Over the years, Dir En Grey has come up as a band I should check out. I had tried listening to them several times, and it just never stuck. But when I read this article that talked about fans lining up the night before to see these guys- I knew there had to be some merit to the claims. I have done this myself one time for my favorite band- NIN– and I know it takes a certain passion that stems from a band’s X-factor that can never be fully explained- only witnessed in person.
So I found myself standing in The Fillmore on this Monday evening, looking at the tightly packed crowd, camera in hand. I thought about how last time I was here was for Alice in Chains. A threesome of Japanese girls roll up with shopping bags in their hands, and casually stash them behind the garbage can, adjust their sporty-metal style outfits, and take a position in front of me. It’s obvious that they’ve done this before. They would become the star of the show for me.
I’d never photographed at The Fillmore before. When the band’s intro music started and I filed into the photo pit, I was struck by how narrow it is. Honestly, I wanted to photograph the people at the barrier more than the band, but it was hard enough to maneuver in there. Plus, as soon as I stood there waiting, some girls behind me at the rail- ‘rail bitches’ as they are referred to in NINland- started saying, “OH HELL NO! She’d better not be standing there the whole time!!!” I laughed.
When the band came out- one by one- the sound was near deafening even with earplugs. High pitched girl shrieks- immediately I thought ‘wow, I had avoided going to see New Moon for this very reason!’ Especially for the singer- a small, blonde haired guy who’s face read that this was exactly the reaction that he expected.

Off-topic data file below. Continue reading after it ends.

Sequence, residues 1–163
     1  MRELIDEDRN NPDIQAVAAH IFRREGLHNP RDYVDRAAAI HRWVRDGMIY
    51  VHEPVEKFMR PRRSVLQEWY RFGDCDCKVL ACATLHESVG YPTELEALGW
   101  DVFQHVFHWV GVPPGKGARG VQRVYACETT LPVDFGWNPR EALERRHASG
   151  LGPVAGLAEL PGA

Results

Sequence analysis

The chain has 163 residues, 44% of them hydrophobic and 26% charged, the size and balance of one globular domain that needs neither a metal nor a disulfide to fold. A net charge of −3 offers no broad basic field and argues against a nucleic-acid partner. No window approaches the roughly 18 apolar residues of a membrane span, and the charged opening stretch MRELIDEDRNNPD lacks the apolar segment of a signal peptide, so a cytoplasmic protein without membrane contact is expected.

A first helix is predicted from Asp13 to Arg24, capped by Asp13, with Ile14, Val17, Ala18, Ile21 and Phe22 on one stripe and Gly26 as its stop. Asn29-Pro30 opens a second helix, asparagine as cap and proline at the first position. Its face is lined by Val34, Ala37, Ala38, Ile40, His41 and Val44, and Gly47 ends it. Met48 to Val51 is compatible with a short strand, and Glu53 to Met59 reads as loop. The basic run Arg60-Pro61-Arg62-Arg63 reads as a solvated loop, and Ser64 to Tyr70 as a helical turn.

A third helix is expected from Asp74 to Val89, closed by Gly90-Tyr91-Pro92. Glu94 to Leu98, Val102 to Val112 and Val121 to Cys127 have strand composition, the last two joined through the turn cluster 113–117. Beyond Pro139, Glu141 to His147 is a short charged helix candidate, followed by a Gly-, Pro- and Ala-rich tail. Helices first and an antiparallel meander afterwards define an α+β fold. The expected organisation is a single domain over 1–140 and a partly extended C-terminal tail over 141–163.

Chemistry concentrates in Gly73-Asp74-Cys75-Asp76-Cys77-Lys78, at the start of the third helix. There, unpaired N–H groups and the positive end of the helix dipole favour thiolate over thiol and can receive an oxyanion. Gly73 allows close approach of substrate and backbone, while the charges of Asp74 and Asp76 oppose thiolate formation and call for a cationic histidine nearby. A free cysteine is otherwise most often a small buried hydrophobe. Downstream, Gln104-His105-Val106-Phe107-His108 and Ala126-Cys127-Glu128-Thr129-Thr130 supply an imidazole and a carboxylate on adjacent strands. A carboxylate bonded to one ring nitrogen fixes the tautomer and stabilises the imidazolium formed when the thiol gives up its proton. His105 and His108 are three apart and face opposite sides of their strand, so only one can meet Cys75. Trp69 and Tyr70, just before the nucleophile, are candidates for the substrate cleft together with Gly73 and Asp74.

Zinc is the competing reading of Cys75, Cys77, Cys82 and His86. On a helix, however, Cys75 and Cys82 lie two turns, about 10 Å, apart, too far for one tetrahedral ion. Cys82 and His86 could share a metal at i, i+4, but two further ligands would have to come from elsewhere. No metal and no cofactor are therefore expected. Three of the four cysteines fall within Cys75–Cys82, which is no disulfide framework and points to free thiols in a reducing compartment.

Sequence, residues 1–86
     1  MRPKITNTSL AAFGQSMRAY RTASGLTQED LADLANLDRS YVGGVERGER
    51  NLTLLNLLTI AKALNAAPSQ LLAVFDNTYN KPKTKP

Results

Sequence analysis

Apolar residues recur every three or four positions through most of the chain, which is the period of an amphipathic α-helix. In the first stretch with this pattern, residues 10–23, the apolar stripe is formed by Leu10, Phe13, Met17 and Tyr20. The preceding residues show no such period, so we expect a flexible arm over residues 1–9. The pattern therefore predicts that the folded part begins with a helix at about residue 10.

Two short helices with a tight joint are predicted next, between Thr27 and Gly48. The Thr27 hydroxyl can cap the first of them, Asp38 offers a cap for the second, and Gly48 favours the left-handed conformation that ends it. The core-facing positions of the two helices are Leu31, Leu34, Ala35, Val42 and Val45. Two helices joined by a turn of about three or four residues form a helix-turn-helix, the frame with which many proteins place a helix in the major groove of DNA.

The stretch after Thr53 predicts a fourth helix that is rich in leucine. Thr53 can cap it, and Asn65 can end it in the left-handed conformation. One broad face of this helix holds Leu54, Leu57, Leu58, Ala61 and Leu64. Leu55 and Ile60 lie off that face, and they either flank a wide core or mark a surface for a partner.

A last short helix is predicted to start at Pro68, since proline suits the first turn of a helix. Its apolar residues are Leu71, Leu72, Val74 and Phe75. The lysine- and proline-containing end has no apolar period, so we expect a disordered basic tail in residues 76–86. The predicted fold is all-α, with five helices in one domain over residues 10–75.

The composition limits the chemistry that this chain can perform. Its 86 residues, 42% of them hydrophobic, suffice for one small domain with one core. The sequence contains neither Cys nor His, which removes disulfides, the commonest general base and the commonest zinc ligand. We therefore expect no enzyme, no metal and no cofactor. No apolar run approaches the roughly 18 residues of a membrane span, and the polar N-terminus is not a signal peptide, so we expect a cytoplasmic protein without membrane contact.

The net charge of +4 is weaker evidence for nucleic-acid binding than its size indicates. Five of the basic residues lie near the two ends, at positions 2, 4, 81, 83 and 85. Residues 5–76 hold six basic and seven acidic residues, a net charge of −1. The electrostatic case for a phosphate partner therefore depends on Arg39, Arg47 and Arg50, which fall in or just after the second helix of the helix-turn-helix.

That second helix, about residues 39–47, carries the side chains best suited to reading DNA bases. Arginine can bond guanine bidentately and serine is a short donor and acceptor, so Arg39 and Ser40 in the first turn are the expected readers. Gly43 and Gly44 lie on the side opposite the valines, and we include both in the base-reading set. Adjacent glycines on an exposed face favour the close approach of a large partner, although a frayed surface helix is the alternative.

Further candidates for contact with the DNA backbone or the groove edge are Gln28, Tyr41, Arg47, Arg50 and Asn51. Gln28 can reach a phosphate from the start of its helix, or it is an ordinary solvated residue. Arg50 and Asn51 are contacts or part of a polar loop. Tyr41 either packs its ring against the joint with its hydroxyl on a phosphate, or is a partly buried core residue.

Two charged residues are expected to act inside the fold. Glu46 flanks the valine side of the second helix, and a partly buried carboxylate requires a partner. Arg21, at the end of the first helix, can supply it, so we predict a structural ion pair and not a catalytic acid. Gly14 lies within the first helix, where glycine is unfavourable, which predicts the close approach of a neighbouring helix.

The barrier is rocking behind me as the crowd goes crazy. No crowd surfing, no slam dancing- just a sea of individuals losing their minds. The singer hops onto a platform and doubles over, growling like a wild animal. The lighting was too dark for my little camera, so I left the photo pit pretty early.
The music is incredibly interesting- death metal with the occasional J-Pop vocal filtered in. It’s two genres I would never think to combine- but it’s fascinating how they pull it off. Not to mention their intense stage presence- it’s as if each guitarist and the bassist have carved out a section of the audience to constantly….umm….undress with their eyes would perhaps be the cleaner term here.
A girl standing near me has her palms at her cheeks, as if barely holding herself together. She barely removes them the entire show. But it’s the Japanese girls in front of me that were the most amazing to watch. One of them would essentially air piano to certain hooks in the music, with her arms extended in front of her, and ferociously headbang in between. It was so perfectly timed that I started watching her as if she were in the band. The other would just bend down in that one foot forward metal stance and headbang, without even looking at the band much at all. Between songs, they would look at each other and giggle. At the very end, they turned towards each other and headbanged at each other. It was obvious this was not their first show….in fact….I wouldn’t be surprised if they follow the band around.
About midway through the set, the music mellowed out and became very spiritual sounding- Buddah Rock, if you will. It lost me for a while, but when they came back for the encore (there might have been a riot if they hadn’t- more deafening shreiks…) it got heavy again.
All of Dir En Grey’s lyrics are in Japanese. Despite their nonverbal communication, they never said a word to the crowd….until right before the final song. The singer starts screaming, “Last song! Last song! Last song!” over and over and the crowd REALLY went nuts. And when it was over, he left the stage while the rest of the band made a big production of throwing out picks and drum sticks for the crowd to fight over.
Seeing Dir En Grey put a lot into perspective for me. I saw a bit of myself in those girls in the crowd- it was almost like having an out of body experience. I left the show thinking, no matter what happens, I never want to lose sight of being that passionate fan, chasing after that feeling that I could see on the faces of the crowd at Dir En Grey.
Read my friend’s account of last year’s show here.